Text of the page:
By Gary Turner, Xero – Managing Director EMEA
The smartphone is arguably the defining tool of the modern age. Since its introduction in 1992 when IBM’s ‘Simon Personal Communicator’ first launched, it has become ever-present: ownership in South Africa is at 37%, and the average citizen spends up to three hours a day simply browsing the internet on their device.
Why? Because they bring everything together. A smartphone is a camera, a computer, a telephone, a music player, a calendar, a map, and a television – amongst other things. If you can think of it, there’s probably an app for it, and the app is probably more efficient than whatever the analogue version is.
In theory, the centralised nature of smartphones makes them perfect for running a business. But does the reality measure up?
Whether or not you can run a business from a smartphone is largely dependent on what kind of business you aim to run.
Where functions such as accounting are concerned, if you’re still using desktop software or manually inputting financial data into Excel spreadsheets, then smartphones can’t help you. They have limited capacity, and you’re unlikely to have enough storage space for personal and business use when this data is saved locally to your device. Furthermore, your colleagues won’t be able to access this information.
If you’re already cloud-enabled, of course, it becomes easier to run a business from your smartphone. As mentioned, mobile apps are available for everything – and as Software as a Service (SaaS) technology enables you to work from anywhere and share information across all devices, you really only need an internet connection. Small businesses are particularly well-positioned to go smartphone-only, as they’re typically far more agile than companies with decades of information and legacy applications to consider.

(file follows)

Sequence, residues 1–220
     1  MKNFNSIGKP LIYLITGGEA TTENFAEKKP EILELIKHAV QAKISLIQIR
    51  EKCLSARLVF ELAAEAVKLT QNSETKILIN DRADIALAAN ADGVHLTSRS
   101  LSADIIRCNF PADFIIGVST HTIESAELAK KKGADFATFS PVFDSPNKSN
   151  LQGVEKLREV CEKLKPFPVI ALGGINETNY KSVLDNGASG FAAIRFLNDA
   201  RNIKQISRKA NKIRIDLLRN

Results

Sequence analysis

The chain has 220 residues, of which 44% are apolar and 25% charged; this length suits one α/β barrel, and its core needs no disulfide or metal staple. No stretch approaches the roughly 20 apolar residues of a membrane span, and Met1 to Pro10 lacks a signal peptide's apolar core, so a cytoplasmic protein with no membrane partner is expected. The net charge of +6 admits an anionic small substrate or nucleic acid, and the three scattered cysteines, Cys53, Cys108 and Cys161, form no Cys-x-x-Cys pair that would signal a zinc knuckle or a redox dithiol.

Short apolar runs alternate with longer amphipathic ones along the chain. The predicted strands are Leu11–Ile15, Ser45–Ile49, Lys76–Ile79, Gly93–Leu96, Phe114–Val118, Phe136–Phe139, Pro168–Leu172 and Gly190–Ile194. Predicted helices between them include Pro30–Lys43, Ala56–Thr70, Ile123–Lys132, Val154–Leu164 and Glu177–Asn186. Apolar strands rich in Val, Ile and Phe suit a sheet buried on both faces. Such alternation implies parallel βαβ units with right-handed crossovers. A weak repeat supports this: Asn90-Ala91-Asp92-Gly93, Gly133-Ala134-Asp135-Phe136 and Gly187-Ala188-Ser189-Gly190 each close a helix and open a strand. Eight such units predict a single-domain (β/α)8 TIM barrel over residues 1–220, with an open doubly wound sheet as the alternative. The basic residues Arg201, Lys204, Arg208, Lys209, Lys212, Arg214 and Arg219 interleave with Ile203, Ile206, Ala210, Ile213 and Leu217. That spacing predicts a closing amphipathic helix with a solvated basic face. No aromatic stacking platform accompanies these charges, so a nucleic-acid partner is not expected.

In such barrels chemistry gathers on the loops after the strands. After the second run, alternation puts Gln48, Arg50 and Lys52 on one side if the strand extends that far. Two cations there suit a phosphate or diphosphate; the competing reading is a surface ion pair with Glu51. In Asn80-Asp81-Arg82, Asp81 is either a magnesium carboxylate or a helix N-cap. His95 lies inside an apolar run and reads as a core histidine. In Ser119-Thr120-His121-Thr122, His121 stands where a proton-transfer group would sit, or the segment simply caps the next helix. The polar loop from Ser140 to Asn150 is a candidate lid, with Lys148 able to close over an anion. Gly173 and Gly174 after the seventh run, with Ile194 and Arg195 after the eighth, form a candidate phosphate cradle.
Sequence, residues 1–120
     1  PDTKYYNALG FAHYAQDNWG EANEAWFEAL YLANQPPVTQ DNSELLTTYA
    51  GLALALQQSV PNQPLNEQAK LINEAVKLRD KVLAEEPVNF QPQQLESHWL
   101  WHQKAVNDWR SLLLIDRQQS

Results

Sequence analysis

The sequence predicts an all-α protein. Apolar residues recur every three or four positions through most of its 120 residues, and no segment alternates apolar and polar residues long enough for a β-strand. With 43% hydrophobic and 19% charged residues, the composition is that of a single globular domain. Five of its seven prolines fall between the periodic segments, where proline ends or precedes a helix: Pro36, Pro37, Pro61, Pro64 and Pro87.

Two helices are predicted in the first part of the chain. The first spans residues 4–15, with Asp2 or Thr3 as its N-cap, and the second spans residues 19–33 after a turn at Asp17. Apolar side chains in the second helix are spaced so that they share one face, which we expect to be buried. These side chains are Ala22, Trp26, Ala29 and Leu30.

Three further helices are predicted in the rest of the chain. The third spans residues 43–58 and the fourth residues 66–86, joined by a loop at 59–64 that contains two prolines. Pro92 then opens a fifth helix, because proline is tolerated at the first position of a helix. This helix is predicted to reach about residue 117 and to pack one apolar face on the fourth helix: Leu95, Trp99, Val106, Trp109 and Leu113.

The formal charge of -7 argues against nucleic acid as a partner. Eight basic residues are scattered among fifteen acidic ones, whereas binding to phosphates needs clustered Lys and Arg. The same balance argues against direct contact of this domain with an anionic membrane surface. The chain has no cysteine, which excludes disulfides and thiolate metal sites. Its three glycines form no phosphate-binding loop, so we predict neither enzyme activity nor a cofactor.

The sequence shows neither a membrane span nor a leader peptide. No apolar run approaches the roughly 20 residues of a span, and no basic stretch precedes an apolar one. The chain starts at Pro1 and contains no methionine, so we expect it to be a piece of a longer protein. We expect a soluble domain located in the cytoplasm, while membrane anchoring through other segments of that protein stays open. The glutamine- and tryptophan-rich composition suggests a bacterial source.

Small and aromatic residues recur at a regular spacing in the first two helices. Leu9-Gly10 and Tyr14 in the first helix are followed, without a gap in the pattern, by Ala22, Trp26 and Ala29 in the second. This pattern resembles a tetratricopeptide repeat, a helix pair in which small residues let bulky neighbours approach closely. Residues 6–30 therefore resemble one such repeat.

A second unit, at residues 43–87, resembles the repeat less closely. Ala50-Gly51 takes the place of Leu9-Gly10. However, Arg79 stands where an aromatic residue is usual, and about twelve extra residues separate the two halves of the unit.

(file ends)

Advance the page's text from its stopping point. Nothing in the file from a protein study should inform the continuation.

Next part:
And it’s not just easy – it might even be a good idea.
Advantages and disadvantages of going smartphone-only
There are clear benefits of adopting a phone-only approach. Mobility, for example, is immediately boosted: when you’re running a business from your mobile device, you can work from anywhere with Wi-Fi or 3G capability: a park, a beach, a plane, on the other side of the world: the possibilities are endless. You bring the office with you wherever you go.
The range of apps available means that you can more effectively consolidate your business functions. Time management, accounting, and HR tools are available, and can simplify and streamline your operational processes. Accessing these tools and sharing files is also made considerably easier: collaborating with colleagues is built into the very fabric of cloud technology. Digital personal assistants such as Siri and Cortana are invariably cheaper than real personal assistants: if you need to make an urgent appointment or remember someone’s birthday, these AI tools will do so on your behalf.
That said, it’s not perfect. Entrepreneurs who go phone-only invariably find it harder to switch off: after all, if the business is in your pocket, the business is always with you. You can account for this by setting clear boundaries and ‘no-work’ times – it’ll be difficult at first, but it’s better than dealing with undue stress.
Going phone-only can also diminish human interaction: if you can speak to someone via instant messaging (IM) without leaving your chair, why wouldn’t you? But this can be alienating for employees, and actively harmful to company culture. Make time to speak to people, even if the conversation isn’t particularly substantial: technology can diminish interpersonal relationships, but it really doesn’t have to.
Indeed, it’s something you should turn to your advantage. In many cases, the benefits of running a business from your mobile device will outweigh the costs. It allows for greater flexibility and lesser expense. Furthermore, you don’t have to throw out the entire kitchen sink: there’s no reason you can’t mostly rely on your phone but still use a laptop or desktop, for example. It’s about deciding your own preferred configuration for your business – and then implementing it. Smartphones, if nothing else, provide you with the option.